The role of bloggers has grown immensely in the last decade. In the early 00s bloggers mostly wrote. They’d find a topic of interest, pontificate for a bit, and let the commenters have their digs. As the decade trucked along, the face of blogging changed in a way that required bloggers take on more responsibilities. There were:
- Banner ad campaigns to track and manage.
- SEO considerations in code and content.
- Link building and other marketing technniques.
- Additional writers to manage and edit.
- Social media identities to control.
Undertaken manually, these tasks would amount to more than a full-time job for any blogger. The only reason bloggers can maintain sane schedules is through the use of tools.
These tools have evolved through the years, providing more and more assistance with the various tasks that blogging involves. While many of them cost a few dollars, the amount of time they save the average blogger more than pays for them.
If you’re looking for additional tools to help you manage your blog, take a look at the entries on this list for good starting points.
Though they wear many hats, bloggers are writers first and foremost. Without composition skills, bloggers will find difficulty building a loyal audience. When it comes to content creation, many if not most bloggers have the necessary skills. But from time to time every writer needs help with the process, especially when there are issues such as SEO to consider.
1. Scribe: Even great copywriters can get lost in the sea that is SEO. There are so many keyword considerations. On top of that, you have to balance keywords with writing that humans will enjoy. Scribe content tools help you create that balance, no matter your audience or keyword needs.
2. Wordtracker: While Scribe will help you integrate your best keywords, do you know your optimal keywords in the first place? Wordtracker can give you a huge number of ideas. It spits back so many keyword possibilities that you can also generate new content ideas from it. With a free trial available, why not give Wordtracker a try?
3. Bottlenose: The best way to attract readers is to write about topics that people are already talking about. The more recent the data, the better. Bottlenose live social intelligence gives you a stream of social activity, which will give you dozens of ideas for your next post.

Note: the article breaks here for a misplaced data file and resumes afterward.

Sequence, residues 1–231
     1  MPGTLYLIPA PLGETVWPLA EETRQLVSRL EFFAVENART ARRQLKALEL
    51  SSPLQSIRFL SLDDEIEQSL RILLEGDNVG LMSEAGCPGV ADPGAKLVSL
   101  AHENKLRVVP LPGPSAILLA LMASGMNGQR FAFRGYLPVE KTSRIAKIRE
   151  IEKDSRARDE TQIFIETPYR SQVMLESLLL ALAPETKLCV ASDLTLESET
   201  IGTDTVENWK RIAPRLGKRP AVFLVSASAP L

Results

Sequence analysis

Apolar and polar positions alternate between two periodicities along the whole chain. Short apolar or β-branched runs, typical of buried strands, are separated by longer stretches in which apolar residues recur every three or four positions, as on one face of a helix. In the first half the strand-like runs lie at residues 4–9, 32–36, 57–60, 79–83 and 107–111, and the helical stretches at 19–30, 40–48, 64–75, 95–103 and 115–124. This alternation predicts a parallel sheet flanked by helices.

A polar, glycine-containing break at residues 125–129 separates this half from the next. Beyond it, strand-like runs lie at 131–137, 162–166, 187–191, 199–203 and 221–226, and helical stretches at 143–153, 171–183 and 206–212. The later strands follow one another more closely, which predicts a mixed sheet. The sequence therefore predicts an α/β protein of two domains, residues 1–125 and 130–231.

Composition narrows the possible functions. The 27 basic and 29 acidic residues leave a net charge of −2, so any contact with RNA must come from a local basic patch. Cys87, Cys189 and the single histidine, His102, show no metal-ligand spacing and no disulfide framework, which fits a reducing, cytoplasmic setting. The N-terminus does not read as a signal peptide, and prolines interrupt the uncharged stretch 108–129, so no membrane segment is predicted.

It’s not enough to write a blog post and hope that people find it. Bloggers must promote the post through various channels. On a more general scale, bloggers need to promote their properties through various tactics. A balanced promotional and marketing strategy will lead to a steady supply of new and loyal readers.
4. Blogger LinkUp: MyBlogGuest is a popular entity in this field, but it is now a crowded space with plenty of abuse. Blogger LinkUp is a much lower key, easy to use guest post exchange. Every Monday, Wednesday, and Friday owner Cathy Stucker emails out a list of prospects for those seeking guest posts. If you need to promote your blog, check out Blogger LinkUp guest posting services.
5. HootSuite: Social media management can be a pain. Not only do you have multiple platforms to manage — such as Twitter, Facebook, Google+, Instagram, and others — but you also have both personal and professional identities to maintain. HootSuite social media management makes all of that easy. There are multiple columns to help you sort your data, and you can switch accounts with ease.
6. MailChimp: One of the most effective ways to promote your blog is through a newsletter. When people sign up for a newsletter, they are granting permission. As anyone who reads Seth Godin knows, permission is one of the most valuable assets a marketer can possess. MailChimp’s mailing lists can help you manage your newsletter and ensure that it is not only delivered on time, but also looks professional.
7. CommentLuv: In old days, leaving comments on other blogs was a great way to refer readers to your own. Now comments are over-crowded, and few people click the links in them. The CommentLuv plugin lets people see the most recent posts from commenters. Install it on your blog and watch people flock to comment. And since there are links to their site, they’re more likely to remain civilized.
Beyond creating and promoting content, bloggers also have the unsavory task of managing their blogs. As with the first two aspects, this has become much more involved in recent years. You’ll need a number of tools to get by.
8. Raven Tools: As a blogger you can’t just start performing SEO tasks, link building, and social media campaigns on a whim. You need a plan. Raven Tools help you keep track of all these tasks, providing you with insight and metrics along the way. It might be the most expensive tool on this list, but it is also the most useful for any kind of blogger. You can check out Raven Tools marketing tools free for 30 days.
9. Trello: Most blogs today are written in teams. When you have a team of creative people, you need a management system. While shared task lists can work, they’re not always the best tools for creative types. That’s where Trello comes in. It’s essentially a souped up Basecamp, allowing users to create schedules, add notes, and generally keep track of what everyone is doing. Trello is free so give it a look and see if it will help you manage your site.
10. QuickBooks: We save the biggest headache for last. Online income typically comes from multiple sources. You have ad networks, affiliate marketing, and other sales that require all different kinds of treatment. That means you either need a full-time accountant, which is too expensive for most blogs, or powerful accounting software. Accounting software from QuickBooks is simple enough that anyone can figure it out. It will help you manage income, pay invoices, and file taxes without hassle.